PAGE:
A second massive rockfall occurred Thursday at the face of Yosemite National Park's famed El Capitan, just a day after a series of rockfalls killed a British climber.
The latest incident, which park officials said was "significantly larger" than the one that occurred Wednesday, injured one person and prompted the closure of an exit from the park in Yosemite Valley.
The victim was not a climber, Yosemite Park spokesman Scott Gediman told BuzzFeed News. The person was flown out of the area by helicopter and taken to a nearby hospital.
Family members identified the injured man as Jim Evans of Naples, Florida. His wife, Rachel, told KSEE-TV in Fresno that they were driving in a Dodge Durango SUV around 3:15 p.m. below El Capitan when an avalanche of rocks and debris came flying off the mountain side, crashing through the sunroof and striking Jim in the head.
"Something came through our sunroof, but we didn’t know — it was closed — and we didn’t know what had happened, but it shattered and the dust just poured in and we were trying to out run it, it was like, ‘Go! Let’s go!’” she said. "At the same time, my husband reached up and he said, 'Oh my head, my head,” because it was bleeding profusely and hurting."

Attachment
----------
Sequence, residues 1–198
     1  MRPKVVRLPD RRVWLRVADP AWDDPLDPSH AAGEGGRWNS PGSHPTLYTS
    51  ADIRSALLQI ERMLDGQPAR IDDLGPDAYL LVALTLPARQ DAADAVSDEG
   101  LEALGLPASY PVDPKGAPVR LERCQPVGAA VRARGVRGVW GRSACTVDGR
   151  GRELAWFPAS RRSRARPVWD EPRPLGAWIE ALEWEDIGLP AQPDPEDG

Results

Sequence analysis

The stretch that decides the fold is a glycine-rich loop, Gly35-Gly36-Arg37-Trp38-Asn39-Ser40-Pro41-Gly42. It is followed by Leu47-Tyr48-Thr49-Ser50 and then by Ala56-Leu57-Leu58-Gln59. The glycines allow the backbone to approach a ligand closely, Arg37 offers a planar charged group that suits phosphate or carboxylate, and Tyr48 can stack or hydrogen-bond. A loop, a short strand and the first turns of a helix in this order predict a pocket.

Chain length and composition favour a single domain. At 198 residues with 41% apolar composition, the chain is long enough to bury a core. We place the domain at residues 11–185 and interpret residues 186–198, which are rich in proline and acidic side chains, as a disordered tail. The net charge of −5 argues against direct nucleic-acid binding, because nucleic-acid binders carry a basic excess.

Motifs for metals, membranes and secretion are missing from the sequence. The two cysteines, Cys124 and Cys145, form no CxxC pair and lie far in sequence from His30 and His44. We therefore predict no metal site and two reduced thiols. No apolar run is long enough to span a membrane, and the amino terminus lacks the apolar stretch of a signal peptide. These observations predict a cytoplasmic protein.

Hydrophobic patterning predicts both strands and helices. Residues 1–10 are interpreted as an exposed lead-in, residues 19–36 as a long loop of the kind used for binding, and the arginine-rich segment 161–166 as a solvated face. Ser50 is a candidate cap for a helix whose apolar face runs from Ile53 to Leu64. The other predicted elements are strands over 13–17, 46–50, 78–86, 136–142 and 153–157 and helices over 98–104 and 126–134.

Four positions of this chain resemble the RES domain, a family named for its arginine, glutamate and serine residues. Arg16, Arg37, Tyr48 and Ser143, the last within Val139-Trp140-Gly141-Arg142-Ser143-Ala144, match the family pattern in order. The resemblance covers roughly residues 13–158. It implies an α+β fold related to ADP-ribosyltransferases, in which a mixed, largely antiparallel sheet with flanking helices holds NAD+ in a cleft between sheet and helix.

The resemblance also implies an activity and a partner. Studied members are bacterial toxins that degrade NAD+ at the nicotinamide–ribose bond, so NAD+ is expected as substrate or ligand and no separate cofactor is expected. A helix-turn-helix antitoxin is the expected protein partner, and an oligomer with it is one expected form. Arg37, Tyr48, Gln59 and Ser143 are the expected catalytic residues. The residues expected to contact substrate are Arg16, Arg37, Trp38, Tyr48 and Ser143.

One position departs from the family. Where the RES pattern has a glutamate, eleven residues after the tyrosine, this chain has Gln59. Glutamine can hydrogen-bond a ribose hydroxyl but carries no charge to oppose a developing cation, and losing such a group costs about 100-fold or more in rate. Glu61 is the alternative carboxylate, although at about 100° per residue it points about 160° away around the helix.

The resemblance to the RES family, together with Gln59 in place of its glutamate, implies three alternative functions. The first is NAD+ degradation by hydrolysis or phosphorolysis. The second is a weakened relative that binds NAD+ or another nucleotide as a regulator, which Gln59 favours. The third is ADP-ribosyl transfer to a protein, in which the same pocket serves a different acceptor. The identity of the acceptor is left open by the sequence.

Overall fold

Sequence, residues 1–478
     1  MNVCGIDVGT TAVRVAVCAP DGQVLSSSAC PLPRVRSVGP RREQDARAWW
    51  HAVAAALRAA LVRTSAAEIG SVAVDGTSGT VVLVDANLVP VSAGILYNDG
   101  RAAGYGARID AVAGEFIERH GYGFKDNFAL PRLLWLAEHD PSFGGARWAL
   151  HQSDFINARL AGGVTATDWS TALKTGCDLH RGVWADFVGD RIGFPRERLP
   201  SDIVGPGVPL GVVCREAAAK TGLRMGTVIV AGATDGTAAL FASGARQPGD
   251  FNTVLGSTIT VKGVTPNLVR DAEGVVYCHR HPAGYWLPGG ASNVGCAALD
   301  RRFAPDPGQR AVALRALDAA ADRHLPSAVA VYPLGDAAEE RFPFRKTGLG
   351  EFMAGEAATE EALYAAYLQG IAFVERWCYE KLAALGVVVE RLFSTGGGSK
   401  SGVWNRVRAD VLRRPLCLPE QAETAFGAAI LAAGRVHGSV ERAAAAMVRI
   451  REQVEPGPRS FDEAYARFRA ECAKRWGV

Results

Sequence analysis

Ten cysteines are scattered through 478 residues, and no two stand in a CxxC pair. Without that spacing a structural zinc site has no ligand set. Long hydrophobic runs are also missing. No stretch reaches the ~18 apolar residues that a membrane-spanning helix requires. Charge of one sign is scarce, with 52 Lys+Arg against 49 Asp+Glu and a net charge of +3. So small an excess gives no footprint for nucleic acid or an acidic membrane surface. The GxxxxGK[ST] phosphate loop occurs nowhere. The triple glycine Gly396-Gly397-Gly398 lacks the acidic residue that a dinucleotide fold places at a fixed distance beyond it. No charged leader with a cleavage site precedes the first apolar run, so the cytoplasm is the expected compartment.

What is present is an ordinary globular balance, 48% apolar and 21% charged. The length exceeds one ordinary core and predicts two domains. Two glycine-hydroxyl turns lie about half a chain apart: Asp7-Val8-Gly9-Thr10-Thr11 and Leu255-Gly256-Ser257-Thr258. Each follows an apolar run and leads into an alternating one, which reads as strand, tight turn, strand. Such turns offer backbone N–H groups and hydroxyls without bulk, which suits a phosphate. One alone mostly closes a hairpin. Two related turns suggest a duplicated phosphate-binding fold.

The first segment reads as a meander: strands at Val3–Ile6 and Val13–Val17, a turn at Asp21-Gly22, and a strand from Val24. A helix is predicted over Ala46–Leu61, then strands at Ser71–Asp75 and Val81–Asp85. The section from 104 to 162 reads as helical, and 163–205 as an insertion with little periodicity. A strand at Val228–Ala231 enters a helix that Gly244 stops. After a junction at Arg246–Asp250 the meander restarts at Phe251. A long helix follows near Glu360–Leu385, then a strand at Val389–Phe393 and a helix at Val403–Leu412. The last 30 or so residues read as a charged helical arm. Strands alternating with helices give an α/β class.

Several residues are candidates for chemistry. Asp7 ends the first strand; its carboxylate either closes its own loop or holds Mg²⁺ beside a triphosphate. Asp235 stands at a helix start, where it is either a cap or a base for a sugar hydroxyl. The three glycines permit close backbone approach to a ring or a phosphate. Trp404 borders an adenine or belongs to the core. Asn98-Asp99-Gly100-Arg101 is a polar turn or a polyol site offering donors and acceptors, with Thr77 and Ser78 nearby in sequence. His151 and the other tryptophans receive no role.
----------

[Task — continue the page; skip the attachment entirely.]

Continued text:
The couple were actually leaving the park at the time of the rockfall, Evans added. Two other family members who were in the SUV at the time escaped injury.
While the Evans suffered the effects at the bottom of the mountainside, two climbers at the summit were able to capture some of the rockslide from above in a video posted to Instagram.
Peter Zabrok and two other climbers were at the summit of El Capitan when the rocks began falling, which he described as being as big as two apartment buildings.
"We cheated death, we cheated death," Zabrok said in a video captured just moments after the rockfall. "Holy crap, did we cheat death."
Thursday's rockfall sent a large cloud of dust throughout the park.
Gediman said park officials were still working to assess the size of Thursday's rockslide.
On Wednesday, seven rockfalls occurred over a four-hour time span at the park, totaling about 16,000 cubic feet and weighing about 1,300 tons.
When rangers searched the area, they discovered a British couple had been at the base of the rock formation at the time.
The climber killed Wednesday was identified as 32-year-old Andrew Foster. His wife, who was critically injured, is still hospitalized.
The size of Thursday's rockslide was not immediately clear.
A helicopter could be seen hovering over the area in a video taken just moments after the rockfall, apparently looking for damage or people.
According to the National Park Service, there are about 80 rockfalls reported in the park every year. Wednesday's death was the first one linked to a rockslide in the park in 18 years.
Gediman said no areas around El Capitan have been closed off to the public, but park officials have posted signs near the area warning visitors of the recent rockslides.